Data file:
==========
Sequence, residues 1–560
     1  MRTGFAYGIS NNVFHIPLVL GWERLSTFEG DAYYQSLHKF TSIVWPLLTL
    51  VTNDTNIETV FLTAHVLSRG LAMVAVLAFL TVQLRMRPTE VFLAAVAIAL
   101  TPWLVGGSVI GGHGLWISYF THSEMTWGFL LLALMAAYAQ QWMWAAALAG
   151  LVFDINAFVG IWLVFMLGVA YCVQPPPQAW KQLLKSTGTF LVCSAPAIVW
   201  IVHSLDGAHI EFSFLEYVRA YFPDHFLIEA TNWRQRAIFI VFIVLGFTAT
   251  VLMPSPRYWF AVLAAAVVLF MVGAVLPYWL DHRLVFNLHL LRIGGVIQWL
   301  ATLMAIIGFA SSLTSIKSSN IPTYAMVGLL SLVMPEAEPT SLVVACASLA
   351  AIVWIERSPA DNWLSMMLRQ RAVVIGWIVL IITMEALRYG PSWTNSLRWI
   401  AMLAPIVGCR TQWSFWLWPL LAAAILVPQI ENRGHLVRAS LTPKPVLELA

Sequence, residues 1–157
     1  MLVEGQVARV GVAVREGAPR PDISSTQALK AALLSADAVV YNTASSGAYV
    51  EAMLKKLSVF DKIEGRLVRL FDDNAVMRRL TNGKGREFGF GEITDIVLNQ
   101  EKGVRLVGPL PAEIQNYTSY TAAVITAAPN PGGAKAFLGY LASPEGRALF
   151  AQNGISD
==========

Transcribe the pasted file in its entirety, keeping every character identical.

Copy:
Sequence, residues 1–560
     1  MRTGFAYGIS NNVFHIPLVL GWERLSTFEG DAYYQSLHKF TSIVWPLLTL
    51  VTNDTNIETV FLTAHVLSRG LAMVAVLAFL TVQLRMRPTE VFLAAVAIAL
   101  TPWLVGGSVI GGHGLWISYF THSEMTWGFL LLALMAAYAQ QWMWAAALAG
   151  LVFDINAFVG IWLVFMLGVA YCVQPPPQAW KQLLKSTGTF LVCSAPAIVW
   201  IVHSLDGAHI EFSFLEYVRA YFPDHFLIEA TNWRQRAIFI VFIVLGFTAT
   251  VLMPSPRYWF AVLAAAVVLF MVGAVLPYWL DHRLVFNLHL LRIGGVIQWL
   301  ATLMAIIGFA SSLTSIKSSN IPTYAMVGLL SLVMPEAEPT SLVVACASLA
   351  AIVWIERSPA DNWLSMMLRQ RAVVIGWIVL IITMEALRYG PSWTNSLRWI
   401  AMLAPIVGCR TQWSFWLWPL LAAAILVPQI ENRGHLVRAS LTPKPVLELA

Sequence, residues 1–157
     1  MLVEGQVARV GVAVREGAPR PDISSTQALK AALLSADAVV YNTASSGAYV
    51  EAMLKKLSVF DKIEGRLVRL FDDNAVMRRL TNGKGREFGF GEITDIVLNQ
   101  EKGVRLVGPL PAEIQNYTSY TAAVITAAPN PGGAKAFLGY LASPEGRALF
   151  AQNGISD